It’s not to late to start a tradition like this for your family, one that will become a real treasure in the years to come.
Jennifer Wolf of Single Parents Guide suggests some Easy Advent Calendars for Kids:
Advent calendars are a fun way to help your kids count down the days until Christmas or any other holiday or special event. Traditionally, Advent begins on the fourth Sunday before Christmas, so in 2011, Advent begins on Sunday, November 27; but you can also start your countdown on December 1 or any time before the holiday begins. All of the simple Advent calendars shown here can be made from scratch using items you already have sitting around the house.
Hershey Kisses Advent Calendar
Help your kids count down the days until Christmas with this yummy homemade Advent calendar. Simply fold Hershey kisses (or any other festive chocolates) into plastic Saran wrap. Then tie each treat off with a piece of ribbon. You can even put notes inside each section, so that the Advent calendar includes 25 reasons why you love your kids, or 25 reasons why you’re proud of them. In this way, the calendar serves two purposes – counting down to Christmas Day, and reinforcing to your kids how much you love and care about them!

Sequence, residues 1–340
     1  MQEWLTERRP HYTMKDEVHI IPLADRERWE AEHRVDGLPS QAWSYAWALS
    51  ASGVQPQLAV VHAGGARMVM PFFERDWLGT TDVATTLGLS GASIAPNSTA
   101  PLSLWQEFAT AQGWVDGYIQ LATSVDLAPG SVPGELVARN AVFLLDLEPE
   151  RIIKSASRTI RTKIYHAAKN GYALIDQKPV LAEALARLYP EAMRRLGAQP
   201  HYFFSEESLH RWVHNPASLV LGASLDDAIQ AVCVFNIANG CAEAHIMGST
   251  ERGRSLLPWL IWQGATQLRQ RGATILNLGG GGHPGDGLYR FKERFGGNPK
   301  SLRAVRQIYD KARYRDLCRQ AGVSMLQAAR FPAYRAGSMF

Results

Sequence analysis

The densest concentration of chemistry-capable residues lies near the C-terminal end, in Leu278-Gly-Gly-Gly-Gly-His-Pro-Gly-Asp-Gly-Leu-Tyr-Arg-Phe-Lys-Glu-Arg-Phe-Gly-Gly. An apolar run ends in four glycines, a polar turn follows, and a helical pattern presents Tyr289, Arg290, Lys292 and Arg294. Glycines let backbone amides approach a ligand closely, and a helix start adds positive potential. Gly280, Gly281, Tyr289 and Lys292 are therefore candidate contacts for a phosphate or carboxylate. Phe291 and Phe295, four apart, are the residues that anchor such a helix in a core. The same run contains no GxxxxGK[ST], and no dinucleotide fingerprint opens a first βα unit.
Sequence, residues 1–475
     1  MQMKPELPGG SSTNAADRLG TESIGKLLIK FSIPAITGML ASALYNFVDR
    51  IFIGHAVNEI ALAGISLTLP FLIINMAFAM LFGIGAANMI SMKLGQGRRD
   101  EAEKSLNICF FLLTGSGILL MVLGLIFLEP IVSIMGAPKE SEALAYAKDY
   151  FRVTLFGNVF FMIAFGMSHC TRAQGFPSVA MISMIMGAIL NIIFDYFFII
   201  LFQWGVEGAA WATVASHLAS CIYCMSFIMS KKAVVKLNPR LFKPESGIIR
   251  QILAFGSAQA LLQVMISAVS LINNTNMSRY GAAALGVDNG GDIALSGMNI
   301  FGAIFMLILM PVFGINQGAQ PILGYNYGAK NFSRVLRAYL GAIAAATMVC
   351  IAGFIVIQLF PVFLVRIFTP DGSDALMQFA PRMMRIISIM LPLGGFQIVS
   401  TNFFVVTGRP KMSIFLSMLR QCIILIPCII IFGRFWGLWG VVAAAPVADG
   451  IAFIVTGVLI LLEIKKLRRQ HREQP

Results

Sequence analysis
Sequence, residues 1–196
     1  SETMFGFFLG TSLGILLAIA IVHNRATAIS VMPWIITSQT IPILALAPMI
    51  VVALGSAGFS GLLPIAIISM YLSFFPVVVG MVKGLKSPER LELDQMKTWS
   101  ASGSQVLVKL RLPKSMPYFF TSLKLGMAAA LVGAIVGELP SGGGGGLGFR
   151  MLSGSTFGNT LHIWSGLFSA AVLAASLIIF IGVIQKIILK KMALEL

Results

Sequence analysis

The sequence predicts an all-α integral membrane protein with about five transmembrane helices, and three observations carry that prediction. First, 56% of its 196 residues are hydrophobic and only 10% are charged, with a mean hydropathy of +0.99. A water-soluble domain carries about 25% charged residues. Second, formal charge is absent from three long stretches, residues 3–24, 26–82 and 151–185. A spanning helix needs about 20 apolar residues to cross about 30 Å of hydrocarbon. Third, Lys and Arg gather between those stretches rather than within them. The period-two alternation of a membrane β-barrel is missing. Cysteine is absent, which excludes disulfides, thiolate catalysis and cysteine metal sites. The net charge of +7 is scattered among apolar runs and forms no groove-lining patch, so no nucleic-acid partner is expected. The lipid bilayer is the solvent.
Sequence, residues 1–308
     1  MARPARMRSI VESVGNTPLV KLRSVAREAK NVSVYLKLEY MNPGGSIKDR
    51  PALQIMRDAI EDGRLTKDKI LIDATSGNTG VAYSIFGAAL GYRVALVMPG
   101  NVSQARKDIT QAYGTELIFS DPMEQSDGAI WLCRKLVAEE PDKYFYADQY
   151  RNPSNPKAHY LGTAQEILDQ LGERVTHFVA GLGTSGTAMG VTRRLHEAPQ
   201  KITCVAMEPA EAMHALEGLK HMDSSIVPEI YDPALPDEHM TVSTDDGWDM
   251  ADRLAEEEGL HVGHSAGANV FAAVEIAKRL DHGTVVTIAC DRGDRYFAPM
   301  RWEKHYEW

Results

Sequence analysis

Good Deed Advent Jar
Fill a simple Mason Jar with good deeds you can do together between now and Christmas. Make sure to tailor the jobs to your kids’ ages, and make a different jar for each child. Alternatively, fill a jar with good deeds you can to together for the community.
Paper Chain Advent Calendar
This is another easy Advent calendar for children. Simply make a paper chain out of 25 strips of red or green construction paper. (Or consider using strips of old wrapping paper!)